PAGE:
I ended up with a broken screen on my beloved Nokia Lumia 720 over a year ago, and thus began my search for a new phone. After lots of deliberation and the delayed launch of the Lumia 930 with its mixed reviews, I ended up with a 16 GB gold iPhone 5s that had just received some price cuts thanks to the iPhone 6 launch. It’s been a very satisfying photo taking journey with the iPhone thus far barring some hiccups. It is a very versatile shooter that gives amazing results even in its auto mode. Then of course, there are the manual controls introduced in iOS 8 that hand over the reigns to the photographer. Plus the entire photography workflow from shooting to editing to publishing and backing up can be performed on the same device.

The iPhone 5s has been my primary camera for nearly a year now, and there have been only a few occasions like stage shows that I’ve used my Canon EOS 550D. I carried the DSLR with the 15-85 mm lens on my Goa trip in March but hardly shot with it, and then altogether skipped it on my last trip to Kolkata. In fact, I’ve been giving away some of my DSLR accessories that I rarely use over the last few months.

In terms of reliability, the iPhone series easily beats its Android counterparts as the camera app launches in a jiffy and the focusing speed and shooting latency are top notch. These parameters have been thoroughly tested in the last one year thanks to my daughter who’s 2 1/2 years old now.

Processing and sharing photos is also a breeze with the numerous apps, and this is one part of the workflow that has been completed integrated with the photo taking effort unlike in a standalone DSLR. Then of course there are the automatic backups through iCloud, Dropbox, OneDrive, Google Photos, Flickr et al that ensures that the memories remain intact. It’s only natural that Microsoft and Google are trying to automate the album creation and tagging process on their photo storage services given the huge volumes we’re shooting.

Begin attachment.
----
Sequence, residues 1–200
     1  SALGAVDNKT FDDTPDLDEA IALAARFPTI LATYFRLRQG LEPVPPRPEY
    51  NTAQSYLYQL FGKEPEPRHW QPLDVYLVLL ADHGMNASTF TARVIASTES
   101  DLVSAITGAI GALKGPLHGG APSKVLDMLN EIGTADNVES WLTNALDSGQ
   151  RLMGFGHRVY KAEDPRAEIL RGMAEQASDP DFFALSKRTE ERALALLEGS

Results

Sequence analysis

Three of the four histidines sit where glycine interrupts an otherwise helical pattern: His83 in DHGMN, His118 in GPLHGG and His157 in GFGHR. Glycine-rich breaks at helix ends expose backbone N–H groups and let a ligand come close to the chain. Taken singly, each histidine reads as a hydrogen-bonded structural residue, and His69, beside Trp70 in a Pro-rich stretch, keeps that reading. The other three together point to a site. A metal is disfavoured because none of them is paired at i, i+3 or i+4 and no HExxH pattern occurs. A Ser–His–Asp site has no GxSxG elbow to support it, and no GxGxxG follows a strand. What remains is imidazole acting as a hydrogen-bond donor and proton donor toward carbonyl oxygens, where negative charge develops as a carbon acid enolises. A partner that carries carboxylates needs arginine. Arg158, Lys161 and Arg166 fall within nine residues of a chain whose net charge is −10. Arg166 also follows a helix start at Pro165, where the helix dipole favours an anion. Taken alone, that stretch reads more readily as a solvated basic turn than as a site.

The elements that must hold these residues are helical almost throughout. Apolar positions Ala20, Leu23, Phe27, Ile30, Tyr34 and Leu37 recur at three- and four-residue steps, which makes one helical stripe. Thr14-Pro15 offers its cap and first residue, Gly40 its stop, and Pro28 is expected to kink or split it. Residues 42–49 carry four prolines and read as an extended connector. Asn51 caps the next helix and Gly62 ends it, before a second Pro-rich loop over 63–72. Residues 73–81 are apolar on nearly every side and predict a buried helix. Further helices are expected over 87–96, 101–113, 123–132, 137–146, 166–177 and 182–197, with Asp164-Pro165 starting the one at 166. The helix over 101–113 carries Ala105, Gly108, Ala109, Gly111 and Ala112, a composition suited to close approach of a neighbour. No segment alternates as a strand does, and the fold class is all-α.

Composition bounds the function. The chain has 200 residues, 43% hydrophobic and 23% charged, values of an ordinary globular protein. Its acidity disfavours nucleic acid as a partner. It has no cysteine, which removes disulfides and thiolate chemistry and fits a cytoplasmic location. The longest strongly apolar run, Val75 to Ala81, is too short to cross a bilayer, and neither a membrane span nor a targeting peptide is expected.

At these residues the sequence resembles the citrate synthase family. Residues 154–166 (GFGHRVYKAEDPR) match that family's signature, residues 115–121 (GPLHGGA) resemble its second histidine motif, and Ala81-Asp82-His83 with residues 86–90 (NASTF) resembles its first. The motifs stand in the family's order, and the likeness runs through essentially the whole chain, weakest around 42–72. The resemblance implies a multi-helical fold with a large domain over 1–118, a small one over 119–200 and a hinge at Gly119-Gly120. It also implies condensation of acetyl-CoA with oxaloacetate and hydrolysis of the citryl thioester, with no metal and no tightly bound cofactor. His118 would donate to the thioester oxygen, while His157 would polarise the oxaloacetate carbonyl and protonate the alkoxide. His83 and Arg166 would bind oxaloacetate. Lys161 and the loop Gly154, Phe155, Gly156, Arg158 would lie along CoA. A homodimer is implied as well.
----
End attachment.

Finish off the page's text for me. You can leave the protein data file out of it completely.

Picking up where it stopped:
The only fly in the ointment has been the storage space as 12 GB of usable is barely enough to hold all the photos after you’ve loaded a few apps. Then of course there are the videos which are all full HD and pretty enormous in size. I’ve managed to make do thanks to the iCloud photo library introduced in iOS 8 that automatically backs up and removes old photos from the device. In fact, I have gone beyond the 5 GB free tier and upgraded to the 20 GB one.

Then of course there’s the loss of variable focal lengths and being stuck with a wide angle lens. I do have a personal preference of shooting medium telephoto lengths with the 50 mm prime being my DSLR favourite. Cropping manages to take care of some of these issues when the lighting is good, and I like to think of the iPhone 5s as a camera with a wide angle prime lens.

When it comes down to image quality, I’ve found it good enough compared to my DSLR except in very low light situations. The focus speed can be a bit slow compared to the DSLR as well and this is one aspect that’s been upgraded in the iPhone 6\6+. Video quality is of course superb and the electronic stabilization makes a real difference, but the storage space gets in the way for longer videos.

There are of course other features like slo-mo 120 fps videos that are just not possible on the DSLR, and shooting time lapses or hyperlapses is a breeze compared to the elaborate setup required with the DSLR.

So, do you want to buy a DSLR? Please don’t – just get an iPhone (or even one of the Android flagships like LG G3\G4 or Galaxy S6)

Advertisements

2 thoughts on “The camera that’s taking over from my DSLR aka a year with the iPhone 5s

Comments are closed.